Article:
From: Jody Hagins (jody-boost-011304_at_[hidden])
Date: 2005-06-07 01:04:46
On Mon, 06 Jun 2005 22:37:06 +0200
Tobias Schwinger <tschwinger_at_[hidden]> wrote:
> OK. All I have to say for my excuse is that English is only my
> secondary language...
Well, about the closest I can come to a secondary language is C++
(though I took a few years of Latin ages and ages ago).
> It means that (given the your compiler is supported by the library)
> all that can be done with Boost.TypeTraits' function_traits class
> (and more) can also be done with the FunctionTypes library.
That is a much better description.
> > After reading the OVERVIEW and MOTIVATION, I am still at a loss for
> > what benefit this library will provide. I can make some reasonable
> > assumptions, but I would think that I should have a much better
> > picture than I currently have from reading those two sections.
> What exactly is unclear ?
Well, please understand that when I read stuff as a "reviewer" I do so
in a state of ignorance (some may say I live ther, but that is another
story). I do not think the overview and motivation sufficiently
describe the problems that the library is trying to solve. I think too
many assumptions about the reader's expertise are made. The library
itself is relatively easy to use, and does not require a lot of
experience. However, I think the descriptions are not sufficient to
show readers why they should use the library, and what problems it
> Here's a fundamental misunderstanding:
> There are no sets of types that can be _built_.
> You just _name_ a set of possible kinds of function types to test
> against by specifying a tag:
> is_function_type< function_pointer, T >
> Tells me if T is contained in the set of "all function pointers",
> which is described by the tag type function_pointer.
> I can ask for a superset (all types handled by the library) like this:
> is_function_type< any_function, T >
> Or a subset:
> is_function_type< variadic_function_pointer, T >
> Did you read the Tags section at all ? Was it unclear ? Where ?
Yes, I read it, and I understand it. However, the documentation is a
bit unclear, as it implies a set of types, not one specific tag
identifier. I'm not trying to be difficult, but I am trying to find
places that need improvement. In this case, "if a given type is element
of a set" along with the description of Tag, where any of the tag types
are allowed, can cause confusion because a set implies one or more
items. I would suggest changing the documentation from using the term
"set" to being more explicit about using one of the tag types.
Again, however, this is just the opinion of one person. Take it for
what it's worth.
> > For the function calls, the descriptions make some assumptions
> > (like, it must be called with a function type). Are these
> > suggestions for good style, or will the implementation provide a
> > compile-time assertion, or will you ger undefined behavior if you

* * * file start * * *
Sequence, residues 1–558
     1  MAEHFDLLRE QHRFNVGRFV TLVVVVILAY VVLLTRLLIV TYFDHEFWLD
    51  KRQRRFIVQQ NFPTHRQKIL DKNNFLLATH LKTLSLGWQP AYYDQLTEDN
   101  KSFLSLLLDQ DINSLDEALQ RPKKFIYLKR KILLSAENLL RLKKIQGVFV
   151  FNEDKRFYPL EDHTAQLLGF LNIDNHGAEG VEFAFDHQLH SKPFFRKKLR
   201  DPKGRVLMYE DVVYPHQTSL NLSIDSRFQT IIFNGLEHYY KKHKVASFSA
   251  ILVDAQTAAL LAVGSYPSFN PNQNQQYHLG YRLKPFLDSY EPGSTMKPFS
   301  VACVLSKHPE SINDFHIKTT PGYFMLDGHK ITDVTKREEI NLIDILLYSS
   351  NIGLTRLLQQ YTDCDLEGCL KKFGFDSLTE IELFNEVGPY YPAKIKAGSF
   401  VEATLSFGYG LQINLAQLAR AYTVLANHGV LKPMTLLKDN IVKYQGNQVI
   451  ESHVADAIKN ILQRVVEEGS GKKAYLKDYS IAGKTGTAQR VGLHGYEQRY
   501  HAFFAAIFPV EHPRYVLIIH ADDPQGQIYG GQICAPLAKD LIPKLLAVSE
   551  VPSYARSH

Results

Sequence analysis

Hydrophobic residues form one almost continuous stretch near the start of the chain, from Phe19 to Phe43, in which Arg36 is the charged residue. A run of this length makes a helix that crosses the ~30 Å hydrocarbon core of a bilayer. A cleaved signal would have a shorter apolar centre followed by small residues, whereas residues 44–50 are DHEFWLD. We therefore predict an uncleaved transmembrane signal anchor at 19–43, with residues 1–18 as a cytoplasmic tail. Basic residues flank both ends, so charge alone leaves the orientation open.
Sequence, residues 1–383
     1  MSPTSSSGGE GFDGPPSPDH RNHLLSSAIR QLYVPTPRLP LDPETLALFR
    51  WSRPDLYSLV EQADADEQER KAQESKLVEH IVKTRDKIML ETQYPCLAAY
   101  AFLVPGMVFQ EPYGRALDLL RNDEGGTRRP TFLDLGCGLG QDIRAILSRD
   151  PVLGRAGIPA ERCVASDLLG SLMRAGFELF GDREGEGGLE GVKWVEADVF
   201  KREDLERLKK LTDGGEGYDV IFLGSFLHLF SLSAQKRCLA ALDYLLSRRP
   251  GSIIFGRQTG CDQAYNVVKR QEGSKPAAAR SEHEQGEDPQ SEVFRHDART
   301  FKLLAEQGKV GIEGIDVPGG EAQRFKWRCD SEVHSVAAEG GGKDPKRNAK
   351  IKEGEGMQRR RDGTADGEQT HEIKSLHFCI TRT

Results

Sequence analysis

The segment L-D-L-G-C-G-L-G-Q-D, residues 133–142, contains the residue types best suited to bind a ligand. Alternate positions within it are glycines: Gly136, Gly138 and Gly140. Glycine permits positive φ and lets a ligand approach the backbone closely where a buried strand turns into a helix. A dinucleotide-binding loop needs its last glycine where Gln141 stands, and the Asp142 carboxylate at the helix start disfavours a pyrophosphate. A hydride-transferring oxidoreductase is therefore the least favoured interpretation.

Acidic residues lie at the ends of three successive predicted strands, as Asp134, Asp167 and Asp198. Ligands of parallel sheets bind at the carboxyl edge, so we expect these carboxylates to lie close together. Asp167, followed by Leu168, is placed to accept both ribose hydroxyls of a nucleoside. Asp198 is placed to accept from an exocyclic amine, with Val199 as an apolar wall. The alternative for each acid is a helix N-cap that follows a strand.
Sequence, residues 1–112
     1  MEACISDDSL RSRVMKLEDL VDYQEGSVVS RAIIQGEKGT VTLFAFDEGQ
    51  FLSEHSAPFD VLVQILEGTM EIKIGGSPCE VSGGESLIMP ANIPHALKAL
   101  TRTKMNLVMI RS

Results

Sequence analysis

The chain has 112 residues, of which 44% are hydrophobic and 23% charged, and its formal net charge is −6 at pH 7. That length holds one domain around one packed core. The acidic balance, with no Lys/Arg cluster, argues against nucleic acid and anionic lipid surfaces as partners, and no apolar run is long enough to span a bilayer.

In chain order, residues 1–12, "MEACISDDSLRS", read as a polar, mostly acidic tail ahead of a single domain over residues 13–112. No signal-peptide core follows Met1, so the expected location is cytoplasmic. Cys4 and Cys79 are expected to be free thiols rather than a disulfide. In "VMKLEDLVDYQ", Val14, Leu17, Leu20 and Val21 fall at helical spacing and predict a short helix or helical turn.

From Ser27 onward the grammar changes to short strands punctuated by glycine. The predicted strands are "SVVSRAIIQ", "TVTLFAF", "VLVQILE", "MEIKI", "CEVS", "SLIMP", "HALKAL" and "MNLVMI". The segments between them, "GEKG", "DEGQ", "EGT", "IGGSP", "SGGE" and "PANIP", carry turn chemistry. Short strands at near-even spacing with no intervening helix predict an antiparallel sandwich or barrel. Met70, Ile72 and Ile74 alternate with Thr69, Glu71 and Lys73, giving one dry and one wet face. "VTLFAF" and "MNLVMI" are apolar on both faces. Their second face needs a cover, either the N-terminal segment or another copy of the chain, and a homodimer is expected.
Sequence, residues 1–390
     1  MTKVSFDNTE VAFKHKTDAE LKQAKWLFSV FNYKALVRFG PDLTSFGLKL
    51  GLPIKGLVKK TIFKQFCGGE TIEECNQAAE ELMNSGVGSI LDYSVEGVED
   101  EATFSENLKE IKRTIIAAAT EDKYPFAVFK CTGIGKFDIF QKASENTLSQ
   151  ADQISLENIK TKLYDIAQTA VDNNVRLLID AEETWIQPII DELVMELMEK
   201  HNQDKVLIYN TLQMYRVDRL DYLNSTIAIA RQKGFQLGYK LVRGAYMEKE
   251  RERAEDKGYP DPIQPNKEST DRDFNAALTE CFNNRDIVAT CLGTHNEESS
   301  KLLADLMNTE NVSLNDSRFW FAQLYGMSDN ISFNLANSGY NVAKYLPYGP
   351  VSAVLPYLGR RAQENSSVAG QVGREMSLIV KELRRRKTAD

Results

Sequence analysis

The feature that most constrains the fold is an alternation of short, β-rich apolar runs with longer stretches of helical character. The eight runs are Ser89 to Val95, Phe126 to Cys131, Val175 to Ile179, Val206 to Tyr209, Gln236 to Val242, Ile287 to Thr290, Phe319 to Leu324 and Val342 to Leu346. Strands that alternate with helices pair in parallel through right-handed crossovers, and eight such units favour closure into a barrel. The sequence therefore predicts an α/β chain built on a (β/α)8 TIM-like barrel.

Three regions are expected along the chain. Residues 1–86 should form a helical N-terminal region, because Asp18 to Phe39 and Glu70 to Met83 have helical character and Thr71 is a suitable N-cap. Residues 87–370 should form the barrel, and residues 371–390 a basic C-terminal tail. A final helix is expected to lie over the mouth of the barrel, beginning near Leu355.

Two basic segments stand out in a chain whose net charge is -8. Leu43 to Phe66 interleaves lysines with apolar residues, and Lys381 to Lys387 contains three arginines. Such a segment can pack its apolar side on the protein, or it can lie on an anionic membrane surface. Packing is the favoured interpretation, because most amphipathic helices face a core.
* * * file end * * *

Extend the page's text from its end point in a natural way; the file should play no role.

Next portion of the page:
> > violate the assumption?
> If you violate the preconditions the behaviour is generally undefined.
Hmmm. I would prefer a compile time assertion inside the functions, if
> However, the type members won't be defined to allow better diagnostics
> for client code (this is currently undocumented).
I do not understand the above sentence.
> > It would also be helpful to be a bit more explicit about the
> > difference between function_type_parameter and
> > function_type_parameter_c, since not everyone groks MPL as second
> > nature.
> Well, in case you don't know MPL (although the primary audience most
> likely will) you can still have a look at the synopsis and look for
> the version with non-type template parameter...
I would disagree with you here. Many boost users do not know MPL. Many
more probably have a cursory knowledge of MPL, but still need
documentation handy to make use of it.
> > How do functors fit in here? If a class overloads operator(), is it
> > considered a function type?
> No. Is the definition really that unclear ?
> How could this probably work if operator() is a function template ?
> You can decompose a member function pointer to a parentheses operator
> (which implies it's already instantiated if it's a template
> function), though (after deduction or using some kind of typeof
No, it is clear, but I would think that some notes about operator(),
boost::function, and boost::lambda would be appropriate, since some
folks may want to use them in some ways related to function_types.
> > knowledge of the MPL. However, the docs seem to take too much for
> > granted, and make too many assumptions. I'd like to see more
> > detail, especially in the descriptions.
> What do you mean with "assumption" ? Preconditions on template
> arguments ?
I think interface documentation should make the lowest common
assumptions. Not everyone is familiar with the types of problems this
library is trying to solve. I am sure you are not merely targeting an
audience of people who could implement this library themselves, but
those who would like this functionality without implementing the
FWIW, most boost libraries fail in this regard, in my opinion. Library
documentation should make as few assumptions about the knowledge and
experience of the user as possible.
> As this library's classes are _slightly_ more complex in it's use than
> the ones of Boost.TypeTraits (in some light it can be seen as an
> extension) what makes you think there has to be so much more detail ?
Because the current detail is not sufficient ;-) Seriously, I think
this library is very much in the reach of a boost newbie to use.
However, the documentation and examples are written for a more
experienced audience. Thus, I do not think the documentation fits a
significant segment of potential users. If you do not intend to target
relatively new users to boost, then I guess you can leave it alone.
> > After my initial reading, I am still not entirely sure about
> > function_type_signature. I would like to see more description
> > information. Also, I do not like the "types" member. What is the
> > rationale for the ordering of the types (return, [class],